Am I the only one who had a Magic 8-Ball whose only answer was “Future unclear, Try again later?”
At least that’s the only one I recall , which is precisely the answer the universe is shouting at me these days.
Since my last post I have received my latest blood tests which show that after a month on the lower dosage of this drug Ibrance my numbers are still creeping up. And I’m doing just what I said I’d do. Next month I’ll go back to the higher dosage and endure the painful side effects while I await information on a new clinical drug trial for immunotherapy – a drug that teaches your own immune system to recognize and kill the cancer cells.
I have a plan, I’ve activated it, I should be fine, right? So why does it feel like I’m standing on the corner of No Answers and What If?
My mother, the greatest catastrophe thinker of all time (really, she missed her calling. She should have gone into disaster preparedness. ) puts a name to what I haven’t been able to.
“What if this cell is drug resistant?” she said. “What if nothing kills it?”
And the knot in my stomach tightens.
I have lunch with a friend whom I learn has a great depth of spiritual knowledge. She believes we’re here to fix something we missed the last go around. She suggests that I’m going through this so that I can tell the story. That through it, others will find their own strength and hope. And the knot releases a while.
This morning I run into my pharmacist while walking my dogs (Yes, Frenchtown is a bit like Mayberry that way.) I ask him about ketosis strips as I contemplate pursuing a Ketosis Diet that calls for fasting intermingled with high protiens, high fats, minimal carbs. The theory goes that all cells consume glucose – including cancer cells. When there’s no glucose, cancer cells can make their own for a while, then rely on glutamine. But healthy cells can survive on ketones – produced by this diet – while cancer cells whither and die of starvation. Yes, it’s a drastic change. And I know this all sounds a bit crazy. Crazy is where you go when you run out of plausible answers.
It’s usually about this time that I start a rant, er, I mean conversation with God, who usually does all the listening while I talk. But this time he sends me a message to help me untie the knot:
“I built you to weather this storm,” he says.
This is a story that starts with an ending. The one I’ve chosen is that I will prevail, cancer will not defeat me.
That’s the thought that grounded me as I gripped the steering wheel in the hospital parking lot last week coming out of an appointment where my doctor rattled me.
See, I’ve started this new drug called Ibrance. My first month’s results were astounding, but with it came bone-shattering pain. So my doctor and I agreed we’d dial back the dosage, and while we were at it, I’d take a break so that I could time the start of the drug with the rest of the cocktail I’m on. As far as I was concerned, it was a tacit agreement that my numbers would likely go up that month, but we had such a game-changer that it was OK to take a loss because there was a long season ahead and we had a great shot of winning the series, to use a baseball analogy.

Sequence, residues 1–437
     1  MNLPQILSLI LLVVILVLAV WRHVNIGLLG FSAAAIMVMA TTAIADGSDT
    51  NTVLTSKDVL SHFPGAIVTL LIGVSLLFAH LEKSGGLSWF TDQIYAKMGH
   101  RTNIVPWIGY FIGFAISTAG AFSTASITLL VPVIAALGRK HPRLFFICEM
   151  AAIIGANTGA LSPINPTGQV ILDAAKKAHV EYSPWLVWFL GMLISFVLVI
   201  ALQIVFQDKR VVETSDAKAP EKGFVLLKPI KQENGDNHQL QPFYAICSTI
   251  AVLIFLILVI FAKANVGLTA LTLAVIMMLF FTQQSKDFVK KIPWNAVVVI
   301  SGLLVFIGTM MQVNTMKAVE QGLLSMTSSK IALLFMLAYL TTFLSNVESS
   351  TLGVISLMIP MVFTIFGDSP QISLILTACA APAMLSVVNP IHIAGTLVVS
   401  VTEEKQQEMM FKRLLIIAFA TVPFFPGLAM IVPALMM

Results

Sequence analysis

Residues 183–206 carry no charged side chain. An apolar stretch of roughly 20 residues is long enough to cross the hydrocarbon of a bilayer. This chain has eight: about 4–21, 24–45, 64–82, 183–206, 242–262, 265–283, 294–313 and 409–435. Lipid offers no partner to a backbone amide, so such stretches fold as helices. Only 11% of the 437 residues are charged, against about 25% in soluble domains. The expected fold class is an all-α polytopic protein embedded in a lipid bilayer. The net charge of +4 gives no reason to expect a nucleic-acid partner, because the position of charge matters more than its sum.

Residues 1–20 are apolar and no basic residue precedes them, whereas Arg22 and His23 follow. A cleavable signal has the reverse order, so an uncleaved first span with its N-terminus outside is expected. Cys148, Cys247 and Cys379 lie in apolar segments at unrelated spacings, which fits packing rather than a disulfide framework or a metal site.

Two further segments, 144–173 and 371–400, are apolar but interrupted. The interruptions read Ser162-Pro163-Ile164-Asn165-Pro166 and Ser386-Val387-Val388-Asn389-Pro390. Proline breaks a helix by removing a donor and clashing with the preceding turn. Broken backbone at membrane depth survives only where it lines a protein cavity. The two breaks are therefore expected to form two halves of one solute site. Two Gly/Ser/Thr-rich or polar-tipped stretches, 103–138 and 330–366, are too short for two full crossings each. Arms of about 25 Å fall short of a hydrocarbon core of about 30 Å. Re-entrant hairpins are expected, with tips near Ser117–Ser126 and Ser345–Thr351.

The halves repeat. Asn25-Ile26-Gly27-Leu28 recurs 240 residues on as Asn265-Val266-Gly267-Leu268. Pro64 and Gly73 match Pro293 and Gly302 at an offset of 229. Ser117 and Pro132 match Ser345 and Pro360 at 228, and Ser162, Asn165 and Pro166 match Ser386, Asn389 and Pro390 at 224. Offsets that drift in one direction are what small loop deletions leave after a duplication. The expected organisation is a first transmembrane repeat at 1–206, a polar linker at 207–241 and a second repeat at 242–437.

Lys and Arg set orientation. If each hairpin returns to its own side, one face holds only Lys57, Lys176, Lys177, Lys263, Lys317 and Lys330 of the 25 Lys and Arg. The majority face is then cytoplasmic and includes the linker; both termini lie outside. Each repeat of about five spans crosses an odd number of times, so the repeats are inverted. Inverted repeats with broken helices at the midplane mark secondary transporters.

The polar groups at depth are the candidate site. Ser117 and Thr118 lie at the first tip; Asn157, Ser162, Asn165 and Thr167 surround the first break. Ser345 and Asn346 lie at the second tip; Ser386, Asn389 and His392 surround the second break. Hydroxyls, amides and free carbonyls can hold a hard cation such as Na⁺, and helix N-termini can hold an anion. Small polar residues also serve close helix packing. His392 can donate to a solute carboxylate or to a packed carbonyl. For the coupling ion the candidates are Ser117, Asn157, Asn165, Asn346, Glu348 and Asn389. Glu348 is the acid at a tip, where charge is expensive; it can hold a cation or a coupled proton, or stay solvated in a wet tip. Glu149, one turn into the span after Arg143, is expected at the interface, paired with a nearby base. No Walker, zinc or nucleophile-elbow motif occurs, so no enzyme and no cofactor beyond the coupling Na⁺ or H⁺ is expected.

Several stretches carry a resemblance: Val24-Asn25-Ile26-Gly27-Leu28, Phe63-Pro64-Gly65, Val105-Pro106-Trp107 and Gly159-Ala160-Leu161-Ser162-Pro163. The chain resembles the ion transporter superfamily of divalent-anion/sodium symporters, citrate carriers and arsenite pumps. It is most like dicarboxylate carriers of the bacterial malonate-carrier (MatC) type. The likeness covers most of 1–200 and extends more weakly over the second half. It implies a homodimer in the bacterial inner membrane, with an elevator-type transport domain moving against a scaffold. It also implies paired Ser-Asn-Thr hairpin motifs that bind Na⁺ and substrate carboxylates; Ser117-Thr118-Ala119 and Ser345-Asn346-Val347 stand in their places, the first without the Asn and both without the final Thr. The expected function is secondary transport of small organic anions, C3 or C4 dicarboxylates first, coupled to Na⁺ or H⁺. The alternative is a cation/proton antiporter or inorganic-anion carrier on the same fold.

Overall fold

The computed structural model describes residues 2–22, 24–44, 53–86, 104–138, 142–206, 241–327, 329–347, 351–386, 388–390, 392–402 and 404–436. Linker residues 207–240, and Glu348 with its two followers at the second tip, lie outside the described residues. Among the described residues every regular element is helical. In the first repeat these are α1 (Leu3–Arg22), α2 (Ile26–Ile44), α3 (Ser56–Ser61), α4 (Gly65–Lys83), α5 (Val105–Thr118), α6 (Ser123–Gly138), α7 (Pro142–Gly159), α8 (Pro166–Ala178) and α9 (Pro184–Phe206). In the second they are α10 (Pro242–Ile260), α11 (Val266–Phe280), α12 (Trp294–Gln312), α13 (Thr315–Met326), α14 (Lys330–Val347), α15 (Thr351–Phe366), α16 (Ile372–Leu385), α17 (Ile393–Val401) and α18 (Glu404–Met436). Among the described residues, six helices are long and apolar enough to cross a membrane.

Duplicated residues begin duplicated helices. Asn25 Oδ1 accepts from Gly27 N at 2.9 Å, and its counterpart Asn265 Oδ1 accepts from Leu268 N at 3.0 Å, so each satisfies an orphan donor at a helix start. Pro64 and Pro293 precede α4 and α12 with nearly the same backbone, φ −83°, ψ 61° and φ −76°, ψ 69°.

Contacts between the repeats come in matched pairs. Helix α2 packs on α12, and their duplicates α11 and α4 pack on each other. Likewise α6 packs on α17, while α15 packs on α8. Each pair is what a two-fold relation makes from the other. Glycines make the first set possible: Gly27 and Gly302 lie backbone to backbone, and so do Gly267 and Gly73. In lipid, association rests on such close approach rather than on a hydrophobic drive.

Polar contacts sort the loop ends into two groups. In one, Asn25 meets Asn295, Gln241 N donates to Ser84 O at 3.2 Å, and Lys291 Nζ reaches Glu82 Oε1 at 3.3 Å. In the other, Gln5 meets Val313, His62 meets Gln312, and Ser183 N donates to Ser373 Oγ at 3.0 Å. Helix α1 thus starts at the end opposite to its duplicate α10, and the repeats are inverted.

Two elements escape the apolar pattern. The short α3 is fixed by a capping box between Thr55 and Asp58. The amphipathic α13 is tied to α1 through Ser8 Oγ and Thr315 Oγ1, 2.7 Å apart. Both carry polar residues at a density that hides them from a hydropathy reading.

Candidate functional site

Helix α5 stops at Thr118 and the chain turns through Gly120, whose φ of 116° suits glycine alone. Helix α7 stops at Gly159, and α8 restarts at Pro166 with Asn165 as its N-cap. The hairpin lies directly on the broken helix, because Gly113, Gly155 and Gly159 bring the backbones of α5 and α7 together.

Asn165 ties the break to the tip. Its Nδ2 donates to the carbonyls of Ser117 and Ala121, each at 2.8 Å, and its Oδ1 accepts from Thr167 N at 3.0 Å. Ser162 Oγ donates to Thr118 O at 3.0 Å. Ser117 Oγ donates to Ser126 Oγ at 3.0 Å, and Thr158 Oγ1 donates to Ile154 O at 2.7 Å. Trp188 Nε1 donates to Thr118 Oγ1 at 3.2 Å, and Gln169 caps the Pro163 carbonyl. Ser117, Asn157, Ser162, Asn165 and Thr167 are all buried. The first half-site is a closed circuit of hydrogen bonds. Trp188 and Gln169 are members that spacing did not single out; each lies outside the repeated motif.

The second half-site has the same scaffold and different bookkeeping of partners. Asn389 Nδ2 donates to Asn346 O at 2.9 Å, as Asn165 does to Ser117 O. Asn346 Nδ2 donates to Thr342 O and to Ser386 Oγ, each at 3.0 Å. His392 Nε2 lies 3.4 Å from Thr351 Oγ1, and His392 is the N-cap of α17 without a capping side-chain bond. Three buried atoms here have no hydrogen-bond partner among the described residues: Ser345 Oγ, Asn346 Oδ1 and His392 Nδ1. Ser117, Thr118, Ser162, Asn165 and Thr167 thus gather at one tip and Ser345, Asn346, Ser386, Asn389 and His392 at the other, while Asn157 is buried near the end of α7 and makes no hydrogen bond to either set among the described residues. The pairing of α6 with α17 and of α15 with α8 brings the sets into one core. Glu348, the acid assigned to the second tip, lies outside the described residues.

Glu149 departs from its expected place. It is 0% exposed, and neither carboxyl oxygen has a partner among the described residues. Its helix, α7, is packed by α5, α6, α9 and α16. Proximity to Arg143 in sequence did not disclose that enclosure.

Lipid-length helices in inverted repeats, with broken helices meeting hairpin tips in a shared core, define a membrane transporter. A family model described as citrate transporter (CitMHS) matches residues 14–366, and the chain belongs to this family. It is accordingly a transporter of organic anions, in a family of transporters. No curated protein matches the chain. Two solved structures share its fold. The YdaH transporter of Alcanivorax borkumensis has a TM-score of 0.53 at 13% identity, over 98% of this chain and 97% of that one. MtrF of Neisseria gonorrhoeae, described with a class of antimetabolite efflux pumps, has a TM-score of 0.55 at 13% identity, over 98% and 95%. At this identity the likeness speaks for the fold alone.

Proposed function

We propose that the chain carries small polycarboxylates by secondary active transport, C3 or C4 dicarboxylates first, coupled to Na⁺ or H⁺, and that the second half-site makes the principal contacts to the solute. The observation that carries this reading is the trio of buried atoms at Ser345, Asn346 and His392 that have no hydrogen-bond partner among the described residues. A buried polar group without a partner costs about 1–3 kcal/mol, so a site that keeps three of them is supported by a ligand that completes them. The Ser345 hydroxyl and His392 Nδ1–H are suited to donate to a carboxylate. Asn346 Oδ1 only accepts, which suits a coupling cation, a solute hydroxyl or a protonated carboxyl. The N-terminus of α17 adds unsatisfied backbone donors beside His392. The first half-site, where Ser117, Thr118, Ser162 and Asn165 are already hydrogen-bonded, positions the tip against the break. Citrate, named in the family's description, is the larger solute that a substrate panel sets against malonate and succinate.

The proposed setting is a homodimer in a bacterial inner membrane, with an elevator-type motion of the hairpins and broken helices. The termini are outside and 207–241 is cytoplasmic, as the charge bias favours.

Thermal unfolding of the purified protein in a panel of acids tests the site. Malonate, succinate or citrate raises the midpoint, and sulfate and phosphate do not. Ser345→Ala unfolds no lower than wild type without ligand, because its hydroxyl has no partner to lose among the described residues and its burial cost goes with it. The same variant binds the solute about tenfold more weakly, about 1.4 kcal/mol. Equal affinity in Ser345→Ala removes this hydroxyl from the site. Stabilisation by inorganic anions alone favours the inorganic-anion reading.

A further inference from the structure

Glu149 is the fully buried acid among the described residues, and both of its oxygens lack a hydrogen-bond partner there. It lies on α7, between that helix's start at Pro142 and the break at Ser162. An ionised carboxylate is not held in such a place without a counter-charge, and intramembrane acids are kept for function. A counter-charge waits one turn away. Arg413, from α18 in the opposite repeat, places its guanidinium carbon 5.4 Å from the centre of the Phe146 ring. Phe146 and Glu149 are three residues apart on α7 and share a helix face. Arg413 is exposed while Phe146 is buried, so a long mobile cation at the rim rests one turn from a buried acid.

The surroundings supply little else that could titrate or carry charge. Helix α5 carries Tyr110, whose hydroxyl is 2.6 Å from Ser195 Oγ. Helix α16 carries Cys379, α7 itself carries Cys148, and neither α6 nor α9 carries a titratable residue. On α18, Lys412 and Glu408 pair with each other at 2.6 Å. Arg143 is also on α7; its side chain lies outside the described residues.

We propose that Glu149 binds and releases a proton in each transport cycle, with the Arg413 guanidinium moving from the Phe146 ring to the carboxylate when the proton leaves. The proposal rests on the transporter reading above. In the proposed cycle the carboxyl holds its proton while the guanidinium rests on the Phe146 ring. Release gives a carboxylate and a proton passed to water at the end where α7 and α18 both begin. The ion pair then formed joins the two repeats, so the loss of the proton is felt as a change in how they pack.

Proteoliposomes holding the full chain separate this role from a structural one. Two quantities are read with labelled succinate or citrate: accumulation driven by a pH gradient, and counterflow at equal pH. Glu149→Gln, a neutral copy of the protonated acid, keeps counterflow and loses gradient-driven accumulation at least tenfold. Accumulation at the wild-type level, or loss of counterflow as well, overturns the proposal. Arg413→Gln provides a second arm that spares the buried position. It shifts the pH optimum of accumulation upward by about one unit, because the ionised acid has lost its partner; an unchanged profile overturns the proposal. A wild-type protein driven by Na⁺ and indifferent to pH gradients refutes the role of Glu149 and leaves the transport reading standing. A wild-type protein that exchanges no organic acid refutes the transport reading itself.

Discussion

So wasn’t I floored when I went in last week and my numbers were up. But suddenly my doctor was talking about nixing the drug, opting to bring in the brute squad – IV toxic chemo. The kind of stuff that makes you nauseous and tired, that over the long haul can cause leukemia and scar your lungs and make your nails brittle or stop growing. And I’d be on it for the foreseeable future.
“It seems to be well tolerated,” he said.
I remind him I’ve been off the Ibrance for three weeks, these numbers were to be expected.
“Can’t we just give it a chance?”I implore.
“Oh yeah,” he said. “This is just if these numbers keep going in this direction.”
Our visit is short. Less than five minutes, which makes it hard to think quickly enough to make my case. Hard for me to even comprehend what he’s saying…or what he’s forgotten.
That he’s forgotten story line. But I haven’t. And that’s what I remind myself on the way home. This drug IS working. I AM healing. My numbers WILL go down. I AM going to be OK – because in the end, everything turns out OK. (Note to self: If it’s not OK, it’s not the end.)
By noon the next day, I have delivered to my doctor a well thought-out letter reminding him about the story line and offering a new plan of attack should we need it. I have found three immunotherapy trials to pursue if, for some strange reason, it turns out he’s right. I ask him to put together a new team – one with a microbiologist, a geneticist, and researchers. It occurs to me that there’s a huge disconnect in the treatment world that keeps people like me from those who may have an answer. I want to talk to them.
I go through the stories I’ve clipped out about promising research and I start Googling names, places, looking for contacts, I put together a spreadsheet. I reach out to friends in the pharmaceutical business and ask them for their contacts.
I sign up for an immunotherapy conference, only to learn I’m on a waiting list.
I have a plan and it’s a good one. I will call to get my blood test results early rather than wait until my next appointment. If the numbers aren’t good, I’ll put it into action. I’ll go back to the higher dose while making calls on the drug trials. I’ll be in one by fall if that’s the way it needs to go.
So why do I have this gnawing in my gut? Why is it that I can’t shake this anxiety? Uncertainty is the name of the game in recurrence. I know that. And numbers…well that’s just a throw of the dice. They’ll go up, they’ll go down.
Why have I let my doctor rattle me? He isn’t the wise and powerful Oz. He’s just a man behind the curtain, one who’s busy and at times forgetful.
And I already know how the story ends.